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Unformatted input/output operations In C++
  • Difficulty Level : Expert
  • Last Updated : 01 Apr, 2021

In this article, we will discuss the unformatted Input/Output operations In C++. Using objects cin and cout for the input and the output of data of various types is possible because of overloading of operator >> and << to recognize all the basic C++ types. The operator >> is overloaded in the istream class and operator << is overloaded in the ostream class.

The general format for reading data from the keyboard:

cin >> var1 >> var2 >> …. >> var_n;

  • Here, var1, var2, ……, varn are the variable names that are declared already.
  • The input data must be separated by white space characters and the data type of user input must be similar to the data types of the variables which are declared in the program.
  • The operator >> reads the data character by character and assigns it to the indicated location.
  • Reading of variables terminates when white space occurs or character type occurs that does not match the destination type.

Program 1:

C++






// C++ program to illustrate the
// input and output of the data
// enterred by user
#include <iostream>
using namespace std;
  
// Driver Code
int main()
{
    int data;
    char val;
  
    // Input the data
    cin >> data;
    cin >> val;
  
    // Print the data
    cout << data << "   " << val;
  
    return 0;
}

Output:

Explanation: In the above program, 123 is stored in the variable val of integer, and B is passed to the next cin object and stored in the data variable of character.

put() and get() functions:

The class istream and ostream have predefined functions get() and put(), to handle single character input and output operations. The function get() can be used in two ways, such as get(char*) and get(void) to fetch characters including blank spaces, newline characters, and tab. The function get(char*) assigns the value to a variable and get(void) to return the value of the character.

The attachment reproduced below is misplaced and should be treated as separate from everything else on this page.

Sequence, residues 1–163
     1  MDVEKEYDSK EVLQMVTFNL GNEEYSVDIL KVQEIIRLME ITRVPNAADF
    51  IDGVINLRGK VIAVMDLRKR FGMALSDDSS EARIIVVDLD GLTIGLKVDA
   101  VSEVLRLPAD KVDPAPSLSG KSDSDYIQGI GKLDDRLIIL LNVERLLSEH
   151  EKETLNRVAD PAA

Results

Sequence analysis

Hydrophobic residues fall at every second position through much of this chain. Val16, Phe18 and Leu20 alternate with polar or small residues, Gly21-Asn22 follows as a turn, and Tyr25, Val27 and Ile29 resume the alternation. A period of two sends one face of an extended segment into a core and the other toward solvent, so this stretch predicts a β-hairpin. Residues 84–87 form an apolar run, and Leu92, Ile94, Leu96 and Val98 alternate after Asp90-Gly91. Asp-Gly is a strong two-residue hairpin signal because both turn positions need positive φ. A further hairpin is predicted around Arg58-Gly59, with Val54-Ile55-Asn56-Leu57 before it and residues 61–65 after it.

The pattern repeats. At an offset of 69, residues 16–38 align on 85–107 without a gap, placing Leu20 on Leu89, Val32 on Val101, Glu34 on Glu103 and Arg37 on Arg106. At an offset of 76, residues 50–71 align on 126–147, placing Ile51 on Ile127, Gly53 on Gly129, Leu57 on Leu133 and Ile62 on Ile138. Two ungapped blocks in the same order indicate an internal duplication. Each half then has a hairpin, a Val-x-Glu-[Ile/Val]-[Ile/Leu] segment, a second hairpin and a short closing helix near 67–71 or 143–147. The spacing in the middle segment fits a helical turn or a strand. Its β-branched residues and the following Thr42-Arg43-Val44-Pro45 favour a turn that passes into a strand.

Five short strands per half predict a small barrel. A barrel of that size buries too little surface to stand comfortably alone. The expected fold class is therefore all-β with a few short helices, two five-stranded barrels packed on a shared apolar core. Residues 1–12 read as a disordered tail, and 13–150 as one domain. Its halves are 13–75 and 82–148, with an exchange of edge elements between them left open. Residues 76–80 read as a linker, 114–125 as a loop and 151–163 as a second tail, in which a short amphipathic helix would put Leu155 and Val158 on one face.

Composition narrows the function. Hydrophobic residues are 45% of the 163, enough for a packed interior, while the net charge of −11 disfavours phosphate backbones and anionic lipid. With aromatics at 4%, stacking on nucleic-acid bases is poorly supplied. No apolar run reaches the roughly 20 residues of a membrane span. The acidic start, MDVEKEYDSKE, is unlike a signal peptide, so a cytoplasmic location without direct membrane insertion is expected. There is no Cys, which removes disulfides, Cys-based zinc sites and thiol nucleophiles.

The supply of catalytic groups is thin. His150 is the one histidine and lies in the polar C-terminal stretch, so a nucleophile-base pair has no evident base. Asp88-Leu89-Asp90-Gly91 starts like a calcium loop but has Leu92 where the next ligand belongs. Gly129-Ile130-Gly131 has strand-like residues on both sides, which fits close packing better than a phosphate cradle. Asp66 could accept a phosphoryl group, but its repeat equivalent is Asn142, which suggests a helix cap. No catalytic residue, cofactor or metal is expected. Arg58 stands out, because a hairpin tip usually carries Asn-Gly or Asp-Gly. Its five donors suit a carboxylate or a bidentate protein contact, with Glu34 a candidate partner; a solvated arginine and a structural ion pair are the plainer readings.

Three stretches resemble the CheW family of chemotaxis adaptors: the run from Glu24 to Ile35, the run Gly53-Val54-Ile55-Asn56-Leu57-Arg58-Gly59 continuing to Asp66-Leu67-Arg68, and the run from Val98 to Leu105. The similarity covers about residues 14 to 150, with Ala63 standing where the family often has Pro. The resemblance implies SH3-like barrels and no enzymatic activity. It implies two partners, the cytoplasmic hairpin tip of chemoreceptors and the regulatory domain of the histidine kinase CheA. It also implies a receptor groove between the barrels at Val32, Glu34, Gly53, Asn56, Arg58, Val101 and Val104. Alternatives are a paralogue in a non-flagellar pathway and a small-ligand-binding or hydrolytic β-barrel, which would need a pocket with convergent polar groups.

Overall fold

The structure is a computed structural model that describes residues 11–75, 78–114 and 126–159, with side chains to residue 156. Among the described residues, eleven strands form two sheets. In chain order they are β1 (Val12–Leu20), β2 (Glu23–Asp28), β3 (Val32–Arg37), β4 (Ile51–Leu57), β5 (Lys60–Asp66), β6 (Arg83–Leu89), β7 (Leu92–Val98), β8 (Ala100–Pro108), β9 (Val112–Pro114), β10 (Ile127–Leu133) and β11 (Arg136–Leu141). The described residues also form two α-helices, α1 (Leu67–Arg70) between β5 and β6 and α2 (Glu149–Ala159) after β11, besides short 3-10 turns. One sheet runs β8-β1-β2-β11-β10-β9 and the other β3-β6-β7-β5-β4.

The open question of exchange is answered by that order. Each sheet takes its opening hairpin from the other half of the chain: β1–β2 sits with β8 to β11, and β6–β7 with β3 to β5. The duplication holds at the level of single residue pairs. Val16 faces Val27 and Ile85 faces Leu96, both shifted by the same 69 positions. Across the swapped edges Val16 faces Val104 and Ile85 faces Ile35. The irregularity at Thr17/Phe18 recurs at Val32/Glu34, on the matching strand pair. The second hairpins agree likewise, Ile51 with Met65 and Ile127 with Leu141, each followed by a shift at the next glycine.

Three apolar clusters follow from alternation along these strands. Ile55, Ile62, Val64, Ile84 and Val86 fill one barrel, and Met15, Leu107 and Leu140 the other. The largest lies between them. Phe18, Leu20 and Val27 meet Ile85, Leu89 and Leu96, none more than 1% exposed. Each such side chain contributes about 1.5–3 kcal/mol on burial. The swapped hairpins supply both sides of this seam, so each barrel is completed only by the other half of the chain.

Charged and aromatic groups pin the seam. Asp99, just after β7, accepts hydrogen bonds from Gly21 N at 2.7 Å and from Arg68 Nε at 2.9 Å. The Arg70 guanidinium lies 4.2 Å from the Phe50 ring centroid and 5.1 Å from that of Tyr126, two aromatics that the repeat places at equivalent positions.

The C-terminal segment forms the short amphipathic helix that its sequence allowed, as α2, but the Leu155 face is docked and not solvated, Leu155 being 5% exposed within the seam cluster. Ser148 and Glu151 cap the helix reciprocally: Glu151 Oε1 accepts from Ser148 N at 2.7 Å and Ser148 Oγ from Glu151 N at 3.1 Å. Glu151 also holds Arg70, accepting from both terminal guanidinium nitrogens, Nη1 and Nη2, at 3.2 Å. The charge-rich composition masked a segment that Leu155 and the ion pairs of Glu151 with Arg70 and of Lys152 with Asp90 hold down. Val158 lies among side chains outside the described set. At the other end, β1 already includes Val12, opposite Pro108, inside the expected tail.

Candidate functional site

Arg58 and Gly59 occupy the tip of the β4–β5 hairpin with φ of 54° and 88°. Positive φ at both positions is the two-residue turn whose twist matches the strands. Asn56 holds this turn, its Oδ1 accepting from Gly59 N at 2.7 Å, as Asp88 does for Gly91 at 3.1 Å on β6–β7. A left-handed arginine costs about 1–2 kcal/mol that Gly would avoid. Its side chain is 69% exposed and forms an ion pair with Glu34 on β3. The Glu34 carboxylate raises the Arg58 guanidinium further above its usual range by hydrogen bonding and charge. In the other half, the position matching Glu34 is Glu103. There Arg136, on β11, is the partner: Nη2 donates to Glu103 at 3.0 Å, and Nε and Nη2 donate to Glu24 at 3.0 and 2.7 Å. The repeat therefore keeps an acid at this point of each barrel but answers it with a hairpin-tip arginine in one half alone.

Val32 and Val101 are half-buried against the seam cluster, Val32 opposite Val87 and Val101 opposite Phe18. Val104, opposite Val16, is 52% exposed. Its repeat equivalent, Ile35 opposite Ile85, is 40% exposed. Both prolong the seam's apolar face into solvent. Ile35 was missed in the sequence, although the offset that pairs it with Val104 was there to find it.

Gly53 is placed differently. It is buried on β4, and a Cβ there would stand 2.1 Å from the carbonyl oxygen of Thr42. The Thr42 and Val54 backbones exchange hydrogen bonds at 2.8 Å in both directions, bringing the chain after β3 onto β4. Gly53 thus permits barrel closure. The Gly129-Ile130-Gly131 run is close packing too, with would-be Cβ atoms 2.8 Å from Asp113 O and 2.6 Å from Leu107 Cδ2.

Syntax:

char data;

// get() return the character value and assign to data variable
data = cin.get();

// Display the value stored in data variable
cout.put(data); 



Example:

char c;

// directly assign value to c 
cin.get(c); 

// Display the value stored in c variable
cout.put()

Program 2:

C++




// C++ program to illustrate the
// input and output of data using
// get() and puts()
#include <iostream>
using namespace std;
  
// Driver Code
int main()
{
    char data;
    int count = 0;
  
    cout << "Enter Data: ";
  
    // Get the data
    cin.get(data);
  
    while (data != '\n') {
        // Print the data
        cout.put(data);
        count++;
  
        // Get the data again
        cin.get(data);
    }
  
    return 0;
}

Output:

getline() and write() functions:

In C++, the function getline() and write() provide a more efficient way to handle line-oriented inputs and outputs. getline() function reads the complete line of text that ends with the new line character. This function can be invoked using the cin object.

Syntax:

cin.getline(variable_to_store_line, size);

The reading is terminated by the ‘\n’ character. The new character is read by the function, but it does not display it, instead, it is replaced with a NULL character. After reading a particular string the cin automatically adds the newline character at end of the string.

The write() function displays the entire line in one go and its syntax is the same as the getline() function.

Syntax:

cin.write(variable_to_store_line, size);

The key point to remember is that the write() function does not stop displaying the string automatically when a NULL character occurs. If the size is greater than the length of the line then, the write() function displays beyond the bound of the line.

Program 3:

C++




// C++ program to illustrate the
// input and output of file using
// getline() and write() function
#include <iostream>
#include <string>
using namespace std;
  
// Driver Code
int main()
{
    char line[100];
  
    // Get the input
    cin.getline(line, 10);
  
    // Print the data
    cout.write(line, 5);
    cout << endl;
  
    // Print the data
    cout.write(line, 20);
  
    cout << endl;
  
    return 0;
}

Output:

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